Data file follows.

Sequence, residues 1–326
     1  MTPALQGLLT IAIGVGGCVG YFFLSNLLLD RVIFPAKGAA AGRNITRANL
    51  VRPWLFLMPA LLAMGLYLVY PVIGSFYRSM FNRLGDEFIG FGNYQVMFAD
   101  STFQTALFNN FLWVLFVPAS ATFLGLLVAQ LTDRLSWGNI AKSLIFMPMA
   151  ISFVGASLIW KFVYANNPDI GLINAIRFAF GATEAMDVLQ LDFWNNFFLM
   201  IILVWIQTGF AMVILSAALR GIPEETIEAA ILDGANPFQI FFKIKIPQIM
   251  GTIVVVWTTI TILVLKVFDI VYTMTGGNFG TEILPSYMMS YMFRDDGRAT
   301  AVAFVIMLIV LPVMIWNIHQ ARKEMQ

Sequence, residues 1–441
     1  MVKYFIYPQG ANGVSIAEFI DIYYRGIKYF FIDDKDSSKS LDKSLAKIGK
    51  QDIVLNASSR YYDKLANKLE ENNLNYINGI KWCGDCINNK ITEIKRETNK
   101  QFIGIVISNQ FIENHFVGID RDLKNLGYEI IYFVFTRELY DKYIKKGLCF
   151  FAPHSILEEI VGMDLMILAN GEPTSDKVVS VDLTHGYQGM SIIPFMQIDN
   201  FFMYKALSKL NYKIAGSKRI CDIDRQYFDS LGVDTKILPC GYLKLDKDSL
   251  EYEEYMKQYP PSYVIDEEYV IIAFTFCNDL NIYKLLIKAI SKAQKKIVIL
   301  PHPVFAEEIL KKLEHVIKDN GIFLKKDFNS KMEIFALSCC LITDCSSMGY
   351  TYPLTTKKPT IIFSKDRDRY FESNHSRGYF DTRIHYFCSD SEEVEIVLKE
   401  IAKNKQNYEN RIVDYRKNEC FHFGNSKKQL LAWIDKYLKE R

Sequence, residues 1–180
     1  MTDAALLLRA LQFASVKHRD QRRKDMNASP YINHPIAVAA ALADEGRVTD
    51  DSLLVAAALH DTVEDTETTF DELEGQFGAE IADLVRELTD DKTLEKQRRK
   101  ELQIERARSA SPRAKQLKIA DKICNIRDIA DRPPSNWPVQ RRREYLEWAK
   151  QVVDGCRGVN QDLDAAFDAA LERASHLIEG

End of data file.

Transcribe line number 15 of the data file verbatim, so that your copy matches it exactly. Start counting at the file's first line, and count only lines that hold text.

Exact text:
   251  EYEEYMKQYP PSYVIDEEYV IIAFTFCNDL NIYKLLIKAI SKAQKKIVIL